7. Liu J, Zhang N, Li Q, Zhang W, Ke F, Leng Q, Wang H, Chen J, Wang H. Tumor-associated macrophages recruit CCR6+ regulatory T cells and promote the development of colorectal cancer via enhancing CCL20 production in mice. PLoS One. 2011; 6:e19495. https://doi.org/10.1371/journal.pone.0019495. [PubMed].
8. Nandi B, Pai C, Huang Q, Prabhala RH, Munshi NC, Gold JS. CCR6, the sole receptor for the chemokine CCL20, promotes spontaneous intestinal tumorigenesis. PLoS One. 2014; 9:e97566. https://doi.org/10.1371/journal.pone.0097566. [PubMed].
9. Nandi B, Shapiro M, Samur MK, Pai C, Frank NY, Yoon C, Prabhala RH, Munshi NC, Gold JS. Stromal CCR6 drives tumor growth in a murine transplantable colon cancer through recruitment of tumor-promoting macrophages. Oncoimmunology. 2016; 5:e1189052. https://doi.org/10.1080/2162402X.2016.1189052. [PubMed].
10. Wunderlich CM, Ackermann PJ, Ostermann AL, Adams-Quack P, Vogt MC, Tran ML, Nikolajev A, Waisman A, Garbers C, Theurich S, Mauer J, Hövelmeyer N, Wunderlich FT. Obesity exacerbates colitis-associated cancer via IL-6-regulated macrophage polarisation and CCL-20/CCR-6-mediated lymphocyte recruitment. Nat Commun. 2018; 9:1646. https://doi.org/10.1038/s41467-018-03773-0. [PubMed].
11. Wang D, Yang L, Yu W, Wu Q, Lian J, Li F, Liu S, Li A, He Z, Liu J, Sun Z, Yuan W, Zhang Y. Colorectal cancer cell-derived CCL20 recruits regulatory T cells to promote chemoresistance via FOXO1/CEBPB/NF-κB signaling. J Immunother Cancer. 2019; 7:215. https://doi.org/10.1186/s40425-019-0701-2. [PubMed].
12. Brand S, Olszak T, Beigel F, Diebold J, Otte JM, Eichhorst ST, Göke B, Dambacher J. Cell differentiation dependent expressed CCR6 mediates ERK-1/2, SAPK/JNK, and Akt signaling resulting in proliferation and migration of colorectal cancer cells. J Cell Biochem. 2006; 97:709–23. https://doi.org/10.1002/jcb.20672. [PubMed].
13. Keates S, Han X, Kelly CP, Keates AC. Macrophage-inflammatory protein-3alpha mediates epidermal growth factor receptor transactivation and ERK1/2 MAPK signaling in Caco-2 colonic epithelial cells via metalloproteinase-dependent release of amphiregulin. J Immunol. 2007; 178:8013–21. https://doi.org/10.4049/jimmunol.178.12.8013. [PubMed].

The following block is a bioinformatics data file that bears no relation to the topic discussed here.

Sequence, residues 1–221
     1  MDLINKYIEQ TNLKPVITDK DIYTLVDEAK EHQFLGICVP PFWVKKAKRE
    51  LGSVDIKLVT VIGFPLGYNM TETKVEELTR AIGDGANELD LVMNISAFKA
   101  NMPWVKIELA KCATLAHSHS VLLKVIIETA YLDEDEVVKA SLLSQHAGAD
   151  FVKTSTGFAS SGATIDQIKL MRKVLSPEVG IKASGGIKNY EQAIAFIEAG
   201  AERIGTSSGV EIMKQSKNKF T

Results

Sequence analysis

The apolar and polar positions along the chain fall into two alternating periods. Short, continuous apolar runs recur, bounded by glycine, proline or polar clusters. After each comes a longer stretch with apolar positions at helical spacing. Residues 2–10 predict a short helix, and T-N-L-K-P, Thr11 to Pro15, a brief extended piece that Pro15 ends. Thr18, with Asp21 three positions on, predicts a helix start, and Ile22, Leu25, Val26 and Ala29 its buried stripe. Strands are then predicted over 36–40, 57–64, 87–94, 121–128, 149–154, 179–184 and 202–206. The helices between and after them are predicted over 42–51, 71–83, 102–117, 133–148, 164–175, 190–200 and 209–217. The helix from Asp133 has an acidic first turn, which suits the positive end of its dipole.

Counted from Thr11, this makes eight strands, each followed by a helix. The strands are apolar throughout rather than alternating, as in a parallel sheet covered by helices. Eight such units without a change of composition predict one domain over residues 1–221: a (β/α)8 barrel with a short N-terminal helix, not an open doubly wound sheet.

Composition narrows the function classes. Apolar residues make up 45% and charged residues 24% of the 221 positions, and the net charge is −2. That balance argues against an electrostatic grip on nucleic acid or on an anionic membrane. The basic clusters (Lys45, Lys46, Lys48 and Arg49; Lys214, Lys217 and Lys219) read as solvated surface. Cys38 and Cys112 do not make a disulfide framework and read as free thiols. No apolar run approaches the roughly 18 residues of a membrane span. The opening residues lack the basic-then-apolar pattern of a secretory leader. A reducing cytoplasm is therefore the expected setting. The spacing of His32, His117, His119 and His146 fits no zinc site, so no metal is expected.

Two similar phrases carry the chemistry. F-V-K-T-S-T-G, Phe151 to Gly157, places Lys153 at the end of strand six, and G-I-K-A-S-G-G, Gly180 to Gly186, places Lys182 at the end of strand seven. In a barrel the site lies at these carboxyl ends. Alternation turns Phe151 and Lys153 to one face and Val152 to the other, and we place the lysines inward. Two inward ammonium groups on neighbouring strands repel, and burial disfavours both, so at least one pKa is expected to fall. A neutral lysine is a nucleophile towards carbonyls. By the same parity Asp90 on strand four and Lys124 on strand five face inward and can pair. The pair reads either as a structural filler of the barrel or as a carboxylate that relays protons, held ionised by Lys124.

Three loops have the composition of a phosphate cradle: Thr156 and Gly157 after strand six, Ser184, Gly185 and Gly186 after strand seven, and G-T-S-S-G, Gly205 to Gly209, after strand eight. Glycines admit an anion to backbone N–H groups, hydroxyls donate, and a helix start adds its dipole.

14. Yu X, Yuan Z, Yang Z, Chen D, Kim T, Cui Y, Luo Q, Liu Z, Yang Z, Fan X, Chen D, Wang L. The novel long noncoding RNA u50535 promotes colorectal cancer growth and metastasis by regulating CCL20. Cell Death Dis. 2018; 9:751. https://doi.org/10.1038/s41419-018-0771-y. [PubMed].
15. Li Y, Liu J, Xiao Q, Tian R, Zhou Z, Gan Y, Li Y, Shu G, Yin G. EN2 as an oncogene promotes tumor progression via regulating CCL20 in colorectal cancer. Cell Death Dis. 2020; 11:604. https://doi.org/10.1038/s41419-020-02804-3. [PubMed].
16. Chin CC, Chen CN, Kuo HC, Shi CS, Hsieh MC, Kuo YH, Tung SY, Lee KF, Huang WS. Interleukin-17 induces CC chemokine receptor 6 expression and cell migration in colorectal cancer cells. J Cell Physiol. 2015; 230:1430–37. https://doi.org/10.1002/jcp.24796. [PubMed].
17. Kapur N, Mir H, Clark Iii CE, Krishnamurti U, Beech DJ, Lillard JW, Singh S. CCR6 expression in colon cancer is associated with advanced disease and supports epithelial-to-mesenchymal transition. Br J Cancer. 2016; 114:1343–51. https://doi.org/10.1038/bjc.2016.113. [PubMed].
18. Beider K, Abraham M, Begin M, Wald H, Weiss ID, Wald O, Pikarsky E, Abramovitch R, Zeira E, Galun E, Nagler A, Peled A. Interaction between CXCR4 and CCL20 pathways regulates tumor growth. PLoS One. 2009; 4:e5125. https://doi.org/10.1371/journal.pone.0005125. [PubMed].
19. Zou HY, Li Q, Lee JH, Arango ME, McDonnell SR, Yamazaki S, Koudriakova TB, Alton G, Cui JJ, Kung PP, Nambu MD, Los G, Bender SL, et al. An orally available small-molecule inhibitor of c-Met, PF-2341066, exhibits cytoreductive antitumor efficacy through antiproliferative and antiangiogenic mechanisms. Cancer Res. 2007; 67:4408–17. https://doi.org/10.1158/0008-5472.CAN-06-4443. [PubMed].
20. Huang CY, Zhou QY, Hu Y, Wen Y, Qiu ZW, Liang MG, Mo JL, Xu JH, Sun C, Liu FB, Chen XL. Hepatocyte growth factor is a prognostic marker in patients with colorectal cancer: a meta-analysis. Oncotarget. 2017; 8:23459–69. https://doi.org/10.18632/oncotarget.15589. [PubMed].
21. Lee SJ, Lee J, Park SH, Park JO, Lim HY, Kang WK, Park YS, Kim ST. c-MET Overexpression in Colorectal Cancer: A Poor Prognostic Factor for Survival. Clin Colorectal Cancer. 2018; 17:165–69. https://doi.org/10.1016/j.clcc.2018.02.013. [PubMed].